If you’re just beginning your estate planning, you’re probably thinking that you should start with a will. Without it, the state will take care of your affairs, and probably not in the way you might have wanted. This is especially true if your children are minors, and they could end up with relatives you would not have chosen.
A will saves your family and beneficiaries a lot of time and money, and potentially guards them from court battles over your estate with non-beneficiaries.
Unlike a trust, which can manage property in the years prior to your death, a will is activated at the time of death, and addresses three major points:
- Identifies your beneficiaries, or the individuals you designate to receive your property after your death
- The executor of your estate, who handles your final business affairs
- The guardians of any minor children you have at the time of your death
The will only controls those assets that are in your name, or in tenancy in common. A will is not applicable to assets that are held in trusts, accounts that are paid to a designated beneficiary (such as life insurance, pay-on-death accounts and retirement benefits) as well as anything in joint tenancy.
Types Of Illinois Wills
- Couple’s Wills—married couples have a few choices in how their wills are made together. There are several types, and these are the most common
- Joint Wills—this is a single will covering and signed by both parties, and names the surviving partner to inherit all assets. It also names the party or parties who inherit the estate after the passing of the surviving partner, who cannot make any changes.
- Mirror Wills—these are two different wills that are prepared for the couple, are reciprocal and leave everything to the surviving partner. In the event that both parties pass away at the same time, the beneficiaries are also named. Either party can make changes to their wills at any time.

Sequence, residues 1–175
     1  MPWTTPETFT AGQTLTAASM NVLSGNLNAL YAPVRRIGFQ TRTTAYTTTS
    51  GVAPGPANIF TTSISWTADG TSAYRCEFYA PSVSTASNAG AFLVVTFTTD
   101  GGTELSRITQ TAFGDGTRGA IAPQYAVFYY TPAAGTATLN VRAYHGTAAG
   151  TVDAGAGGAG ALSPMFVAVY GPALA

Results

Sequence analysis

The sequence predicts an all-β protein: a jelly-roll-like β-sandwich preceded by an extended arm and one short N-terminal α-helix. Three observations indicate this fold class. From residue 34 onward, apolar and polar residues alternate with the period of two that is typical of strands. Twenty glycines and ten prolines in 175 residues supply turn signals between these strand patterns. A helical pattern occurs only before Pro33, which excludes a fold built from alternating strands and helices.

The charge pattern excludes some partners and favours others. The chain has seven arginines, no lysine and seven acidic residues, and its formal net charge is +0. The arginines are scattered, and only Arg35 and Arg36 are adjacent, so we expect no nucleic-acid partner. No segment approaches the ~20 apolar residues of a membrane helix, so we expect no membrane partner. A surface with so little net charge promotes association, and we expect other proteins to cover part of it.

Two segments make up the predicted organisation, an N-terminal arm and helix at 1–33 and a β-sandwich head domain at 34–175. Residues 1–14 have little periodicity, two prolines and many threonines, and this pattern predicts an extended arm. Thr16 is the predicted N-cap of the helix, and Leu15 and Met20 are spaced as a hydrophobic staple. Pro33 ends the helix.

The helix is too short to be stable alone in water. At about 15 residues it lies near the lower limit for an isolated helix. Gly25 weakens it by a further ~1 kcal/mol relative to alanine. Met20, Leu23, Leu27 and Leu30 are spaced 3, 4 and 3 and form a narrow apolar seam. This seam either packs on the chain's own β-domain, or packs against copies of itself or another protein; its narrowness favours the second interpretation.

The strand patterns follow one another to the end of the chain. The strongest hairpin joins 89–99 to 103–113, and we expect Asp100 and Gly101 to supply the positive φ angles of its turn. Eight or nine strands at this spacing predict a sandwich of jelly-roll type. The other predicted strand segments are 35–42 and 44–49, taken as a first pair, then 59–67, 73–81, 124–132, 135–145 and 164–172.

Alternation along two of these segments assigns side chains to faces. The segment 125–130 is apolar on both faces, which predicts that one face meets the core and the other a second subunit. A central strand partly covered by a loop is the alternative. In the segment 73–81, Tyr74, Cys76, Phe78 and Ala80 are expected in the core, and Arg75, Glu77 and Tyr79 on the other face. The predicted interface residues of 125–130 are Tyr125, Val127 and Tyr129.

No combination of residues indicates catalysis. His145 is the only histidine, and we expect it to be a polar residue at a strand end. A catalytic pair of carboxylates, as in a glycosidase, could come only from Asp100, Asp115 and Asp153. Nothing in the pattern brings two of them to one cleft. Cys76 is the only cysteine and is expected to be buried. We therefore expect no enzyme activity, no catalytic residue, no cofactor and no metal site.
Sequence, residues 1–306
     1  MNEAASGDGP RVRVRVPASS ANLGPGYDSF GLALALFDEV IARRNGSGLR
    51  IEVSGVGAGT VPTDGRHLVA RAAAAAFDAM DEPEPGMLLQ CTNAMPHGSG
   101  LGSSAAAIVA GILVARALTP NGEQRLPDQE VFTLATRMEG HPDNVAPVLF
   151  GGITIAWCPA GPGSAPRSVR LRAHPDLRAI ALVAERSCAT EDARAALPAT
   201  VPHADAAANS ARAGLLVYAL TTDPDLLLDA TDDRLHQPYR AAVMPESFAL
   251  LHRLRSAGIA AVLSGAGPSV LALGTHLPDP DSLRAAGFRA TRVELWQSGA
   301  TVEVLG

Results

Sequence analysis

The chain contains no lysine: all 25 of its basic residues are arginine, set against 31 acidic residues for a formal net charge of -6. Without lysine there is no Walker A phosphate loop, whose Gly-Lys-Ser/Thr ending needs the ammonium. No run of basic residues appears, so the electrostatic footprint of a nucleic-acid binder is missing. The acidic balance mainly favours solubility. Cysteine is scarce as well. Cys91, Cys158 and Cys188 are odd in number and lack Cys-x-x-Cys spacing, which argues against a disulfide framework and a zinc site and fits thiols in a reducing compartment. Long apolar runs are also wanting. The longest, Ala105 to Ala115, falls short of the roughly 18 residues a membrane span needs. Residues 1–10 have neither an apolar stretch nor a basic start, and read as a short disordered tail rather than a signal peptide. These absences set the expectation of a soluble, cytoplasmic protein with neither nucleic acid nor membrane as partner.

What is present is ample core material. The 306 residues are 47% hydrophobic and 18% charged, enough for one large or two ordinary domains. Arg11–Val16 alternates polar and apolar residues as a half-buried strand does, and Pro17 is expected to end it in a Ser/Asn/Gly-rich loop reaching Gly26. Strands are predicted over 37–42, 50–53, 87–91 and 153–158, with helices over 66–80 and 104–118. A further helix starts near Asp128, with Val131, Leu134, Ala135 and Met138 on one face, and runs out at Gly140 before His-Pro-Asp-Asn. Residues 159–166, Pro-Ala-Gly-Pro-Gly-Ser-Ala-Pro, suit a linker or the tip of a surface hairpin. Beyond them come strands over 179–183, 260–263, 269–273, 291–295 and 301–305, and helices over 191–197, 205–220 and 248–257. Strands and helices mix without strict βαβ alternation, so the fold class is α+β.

- Mutual Wills—These are similar to mirror wills, but a surviving partner cannot make any changes.
- Trust Wills—these are based on trusts, and a trustee is appointed to take care of the will’s assets on behalf of the decedent’s beneficiaries according to the provisions set out in the will.
- Statutory Wills—small estates with limited assets can benefit from this simple will. It names an executor and the details of the estate’s assets. They are simple to execute, making it ideal for a smaller estate.
Other Forms Of Wills
- Small Estate Affidavit—for estates with less than $100,000 in assets but no real estate, a will and probate may not be necessary. A small estate affidavit can be used (along with a death certificate) to transfer assets directly to the beneficiary, such as a pay-on-death bank account. The individual who is requesting an asset provides basic information about the deceased, a will if available, states that there is no planned probate action, and that funeral and other expenses have been paid. This is a sworn statement, and signed under penalty of perjury.
- Living Wills—while not intended for probate purposes, a living will leaves instructions for medical treatment that will be administered to the testator should he or she lose their ability to communicate, such as respirators and feeding tubes.
We mention these types in the event that you may have considered using them. We advise against it, since they are not valid in Illinois.
- Holographic Wills—this will is one that is handwritten, dated, and signed by the person writing it (“testator”) without witnesses. It is not recognized in Illinois unless it meets the state law requirements for a will, or is created in a state that does recognize them. They are frequently challenged in probate court.
- Similar to a holographic will is a Nuncupative Will, which is a verbal statement made in front of witnesses, frequently when a terminally ill patient is unable to write. Like the holographic will, the nuncupative will is also not recognized by Illinois.
Although a will is just one part of estate planning, it’s one of the most important to ensure that everything is done according to your instructions after your death. Executing your will now ensures that your family is covered if you should pass away suddenly.
What Type Of Will Is Best For You?
With the different types of wills available, you may be wondering which one is the best for your estate needs. An estate planning attorney can work with you to determine which one to use to your advantage.
James C. Provenza is a leading Illinois estate planning attorney with years of experience helping clients with estate planning to make sure their wishes are carried out. Call our firm today at (847) 729-3939, or use our online contact form to make an appointment. We’ll help you decide which will fit best into your overall estate plan.